NCRI - The European Union ought to take the initiative through the UN Security Council in bringing the officials of the mullahs' regime to justice over their role in the massacre of 30,000 political prisoners in 1988, writes Elaheh Azimfar, the representative of the National Council of Resistance of Iran (NCRI) for international organizations. 

In an article on Thursday for Vocal Europe, Ms. Azimfar described the 1988 massacre as an "unpunished crime against humanity."

The month of August marks the 28th anniversary of the massacre of more than 30,000 political prisoners, who were primarily activists of the main Iranian opposition group People’s Mojahedin Organization of Iran (PMOI or MEK). 

The following is the text of Ms. Azimfar's op-ed: 

Vocal Europe 

What Europe can do for human rights in Iran? 

AUG 11, 2016 

by Elaheh Azimfar 

The religious dictatorship ruling Iran has launched a new wave of mass executions following an increasing discontent and expanding opposition among Iranian people. At least 36 prisoners were hanged from 2 to 6 August in various cities. After the execution of 25 Sunni prisoners in Gohardasht prison on August 2, at least seven prisoners were hanged in Qazvin, Taybad and Saqqez the following day. The regime’s nuclear expert Shahram Amiri was hanged on the same day. Execution of four prisoners on August 6 in Lakan prison of Rasht is another recorded execution in that period and more prisoners are now on death row. 

These killings in August 2016 remind everyone of 28 years ago when 30,000 political prisoners were massacred in August 1988. This was a crime against humanity but the perpetrators have not yet been brought to justice. The prisoners were killed arbitrarily without a trial while some had already ended their prison terms. On the anniversary of the 1988 massacre, Iranians affiliated with the National Council of resistance of Iran planned 3-day hunger strikes in several European countries including UK, Germany, Holland, Sweden and Norway to call for an end to executions in Iran.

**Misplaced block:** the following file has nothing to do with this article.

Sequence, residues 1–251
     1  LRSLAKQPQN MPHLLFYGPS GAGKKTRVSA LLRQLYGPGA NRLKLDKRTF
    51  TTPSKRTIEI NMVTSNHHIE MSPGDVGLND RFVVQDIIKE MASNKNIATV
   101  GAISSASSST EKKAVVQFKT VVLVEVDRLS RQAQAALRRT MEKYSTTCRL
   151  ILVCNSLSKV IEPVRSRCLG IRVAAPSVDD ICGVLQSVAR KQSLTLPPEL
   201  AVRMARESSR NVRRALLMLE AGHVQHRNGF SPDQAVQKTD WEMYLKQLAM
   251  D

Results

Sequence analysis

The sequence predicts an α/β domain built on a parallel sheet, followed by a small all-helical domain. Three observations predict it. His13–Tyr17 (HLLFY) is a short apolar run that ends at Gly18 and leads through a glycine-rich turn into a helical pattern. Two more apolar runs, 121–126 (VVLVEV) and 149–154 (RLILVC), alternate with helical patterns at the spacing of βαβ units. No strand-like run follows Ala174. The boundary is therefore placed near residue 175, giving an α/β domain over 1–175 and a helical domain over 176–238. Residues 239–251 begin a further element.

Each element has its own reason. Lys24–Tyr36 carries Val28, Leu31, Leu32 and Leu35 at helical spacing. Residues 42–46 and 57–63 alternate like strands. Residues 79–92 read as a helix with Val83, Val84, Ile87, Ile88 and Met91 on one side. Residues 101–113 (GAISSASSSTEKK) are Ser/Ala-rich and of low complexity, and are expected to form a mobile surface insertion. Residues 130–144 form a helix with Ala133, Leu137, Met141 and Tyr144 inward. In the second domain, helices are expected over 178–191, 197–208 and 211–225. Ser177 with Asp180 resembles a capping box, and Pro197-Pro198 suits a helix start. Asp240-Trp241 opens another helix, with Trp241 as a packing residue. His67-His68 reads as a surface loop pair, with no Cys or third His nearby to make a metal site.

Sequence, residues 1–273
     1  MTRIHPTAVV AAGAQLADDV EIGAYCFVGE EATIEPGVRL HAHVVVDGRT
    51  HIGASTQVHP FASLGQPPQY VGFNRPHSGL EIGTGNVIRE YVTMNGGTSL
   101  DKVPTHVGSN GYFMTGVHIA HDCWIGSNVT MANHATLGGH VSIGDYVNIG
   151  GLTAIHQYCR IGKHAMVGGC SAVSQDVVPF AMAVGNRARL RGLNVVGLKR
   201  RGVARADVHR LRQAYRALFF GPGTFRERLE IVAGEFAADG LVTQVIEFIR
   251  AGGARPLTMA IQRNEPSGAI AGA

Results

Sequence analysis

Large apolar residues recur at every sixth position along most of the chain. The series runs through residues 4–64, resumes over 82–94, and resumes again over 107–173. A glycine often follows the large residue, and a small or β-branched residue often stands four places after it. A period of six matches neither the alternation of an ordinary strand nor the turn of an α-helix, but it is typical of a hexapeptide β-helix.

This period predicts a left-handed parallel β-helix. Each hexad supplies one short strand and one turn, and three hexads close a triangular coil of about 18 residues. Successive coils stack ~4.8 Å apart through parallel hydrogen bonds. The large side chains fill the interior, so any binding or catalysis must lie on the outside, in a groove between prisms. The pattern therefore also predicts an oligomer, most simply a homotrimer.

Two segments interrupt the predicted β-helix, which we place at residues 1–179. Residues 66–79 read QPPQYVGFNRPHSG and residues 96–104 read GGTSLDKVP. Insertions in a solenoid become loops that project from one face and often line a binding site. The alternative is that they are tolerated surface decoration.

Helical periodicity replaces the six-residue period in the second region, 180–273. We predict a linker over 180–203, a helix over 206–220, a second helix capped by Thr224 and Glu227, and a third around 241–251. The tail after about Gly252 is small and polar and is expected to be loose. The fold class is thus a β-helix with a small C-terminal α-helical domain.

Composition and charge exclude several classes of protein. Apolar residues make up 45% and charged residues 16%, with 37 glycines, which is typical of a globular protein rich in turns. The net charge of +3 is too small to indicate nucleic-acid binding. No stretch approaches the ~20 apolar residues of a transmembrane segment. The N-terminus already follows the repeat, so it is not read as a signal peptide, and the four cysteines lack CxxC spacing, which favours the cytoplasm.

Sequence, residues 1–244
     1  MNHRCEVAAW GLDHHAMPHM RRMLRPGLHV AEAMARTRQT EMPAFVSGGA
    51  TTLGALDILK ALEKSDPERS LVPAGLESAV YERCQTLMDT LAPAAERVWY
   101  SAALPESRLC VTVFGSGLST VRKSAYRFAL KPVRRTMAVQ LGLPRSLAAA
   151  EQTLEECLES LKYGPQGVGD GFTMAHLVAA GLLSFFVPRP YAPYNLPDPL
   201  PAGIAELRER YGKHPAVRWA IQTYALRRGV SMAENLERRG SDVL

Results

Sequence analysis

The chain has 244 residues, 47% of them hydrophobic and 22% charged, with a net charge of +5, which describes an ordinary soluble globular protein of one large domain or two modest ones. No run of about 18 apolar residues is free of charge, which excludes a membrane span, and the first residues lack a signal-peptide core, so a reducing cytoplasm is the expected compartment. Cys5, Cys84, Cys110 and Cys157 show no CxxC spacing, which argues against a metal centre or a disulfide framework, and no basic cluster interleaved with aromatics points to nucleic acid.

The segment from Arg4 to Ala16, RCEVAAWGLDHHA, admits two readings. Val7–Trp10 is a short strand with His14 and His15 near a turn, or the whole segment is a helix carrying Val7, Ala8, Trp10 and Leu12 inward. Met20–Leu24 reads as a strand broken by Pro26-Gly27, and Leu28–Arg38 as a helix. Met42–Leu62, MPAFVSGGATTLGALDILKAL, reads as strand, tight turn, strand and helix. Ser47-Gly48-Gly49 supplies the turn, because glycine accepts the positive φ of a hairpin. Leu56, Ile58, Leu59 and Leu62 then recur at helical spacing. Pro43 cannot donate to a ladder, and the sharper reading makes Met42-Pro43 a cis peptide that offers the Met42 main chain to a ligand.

Notion of “moderation” of this regime has no meaning unless those who committed the 1988 massacre including the “Supreme religious leader” Khamenei are brought before justice in an international court. If this happened regardless of political reservations, the executions would not have uninterruptedly continued in Iran until today. 

There is no improving prospect of human rights situation in Iran. The regime has decided to brutally silence any voice of opposition to safeguard its grip on power. Mullahs know very well that they are facing an extremely discontented and explosive society and for them execution is a means of terrorizing people to keep their mouths shut. Of course they hide their crimes under the banner of Islam but today it is very clear that their brutality has nothing to do with Islam. 

Iranians insist that no trade and diplomatic relations with Iran’s barbaric rulers is legitimate until the executions stop because there seems to be no sign of regret among the Iranian authorities with regards to their abhorring human rights situation. Instead, they aggressively reject international condemnations and seem to be quite proud of the crimes they have committed so far and are committing on these very days.